PS Industries, 1150 S. 48 St., a company started locally in Grand Forks, is doing business on the national and international stage, with its unique line of doors, hatches and flood barriers, one of which is protecting the United States Constitution at the National Archives in Washington, D.C.

Started in 1974 by Jim Satrom -- as PS Doors -- the company has grown steadily over the years from manufacturing and installing garage doors, to now offering a variety of safety-related products the world over.

“All of the products that we have comes to us from customer requests,” said Cory Melland, company president. “Since that time, we’ve developed 37 different product lines that we distribute in the industrial access division, and then we have our PS Safety Access products, and then we have our flood barriers.”

One of those flood barriers, the Self Closing Flood Barrier, protects the U.S. Constitution. Installed in 2016, the 6-foot, 8-inch high, almost 25-foot-long barrier is custom designed. It sits flush to the ground at a strategic location susceptible to flooding. When the waters rise, so does the barrier, which offers passive flood protection.

“The National Archives job, that was a very unique opportunity for us to be involved in,” Melland said.

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“All our products, they protect people and property,” said Mark Haaland, sales and marketing director at PS Industries. “It’s effective access solutions, so whether it’s a flood barrier or a safety product, a fall restraint, a safety gate or if it’s a hatch going into a coal chute, it’s protecting people and the property that’s in there.”

The Grand Forks flood of 1997 wasn’t necessarily the impetus to get into flood protection, though those ideas were already in the works. The company had previously built a flood door for what is now called the Marilyn Hagerty Lift Station that kept flood waters back -- until it went over the top and through the roof. PS industries also built flood barriers for the water treatment plant in Grand Forks after the flood of ‘97.

The company's flood barriers are primarily sold in coastal areas, with almost 500 projects in New York state, more than 200 in Texas and hundreds of other projects in other coastal and inland states.

“We found great success, and we feel that the things we do, they help people,” Melland said. “They protect people from storms or damage, or injury, so that’s very good.”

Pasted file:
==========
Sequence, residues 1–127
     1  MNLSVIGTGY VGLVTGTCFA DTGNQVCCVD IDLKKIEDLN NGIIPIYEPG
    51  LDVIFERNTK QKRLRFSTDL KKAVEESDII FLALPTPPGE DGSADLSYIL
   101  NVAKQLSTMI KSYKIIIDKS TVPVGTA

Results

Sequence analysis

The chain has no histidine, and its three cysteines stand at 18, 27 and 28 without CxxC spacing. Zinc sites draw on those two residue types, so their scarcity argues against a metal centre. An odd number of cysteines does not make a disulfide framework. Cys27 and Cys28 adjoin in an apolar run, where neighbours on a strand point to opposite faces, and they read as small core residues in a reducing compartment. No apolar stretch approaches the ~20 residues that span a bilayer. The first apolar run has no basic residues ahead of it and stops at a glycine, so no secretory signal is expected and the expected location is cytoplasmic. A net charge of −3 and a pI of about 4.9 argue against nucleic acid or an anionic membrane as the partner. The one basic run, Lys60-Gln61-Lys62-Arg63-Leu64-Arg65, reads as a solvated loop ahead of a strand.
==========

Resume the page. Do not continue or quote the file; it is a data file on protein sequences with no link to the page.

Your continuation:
In making way into future plans, PS Industries sold the PS Door entity of the company in October as it was the only thing sold locally. As 99 percent of its product is sold outside the region, that’s where the marketing dollars are spent.

“When I went to work here, people said: ‘Hey my garage door is broken’, and I said well you better call PS Garage Doors, because I don’t have a clue about garage doors!” Halland said.

“Nobody knows about us, and we’re trying to hire,” he laughed.

Nationally, the company has made its mark with products all over the United States, from flood doors at Facebook’s campus in California, flood protection for the subway system in New York City, Tulane Hospital in New Orleans, and MillerCoors as well.

“One of our young guys, I knew he had been on vacation, I said: ‘Hey, how was your vacation?’ He said: ‘I actually walked past one of our flood barriers in the subway system. There was a million people. I didn’t get a picture, but I know it was ours. I could see the label’,” Melland said.

Internationally, the company has sold flood barriers in Australia and is manufacturing safety gates for the United Kingdom.

“When I started here in ‘94, I want to say we had about, in the manufacturing part of the business, five or six people, that were manufacturing product, and now we have in that 120 range,” Melland said. “It’s been steady growth over the last 25 years.”

The future holds continued expansion for PS Industries as it prepares to break ground on a new 75,000-square-foot facility -- adjoined to the existing 104,000-square-foot location.

“Growth, expansion, new products. This year one of our major goals is to expand into the European market,” Melland said. “We see good things in our future.”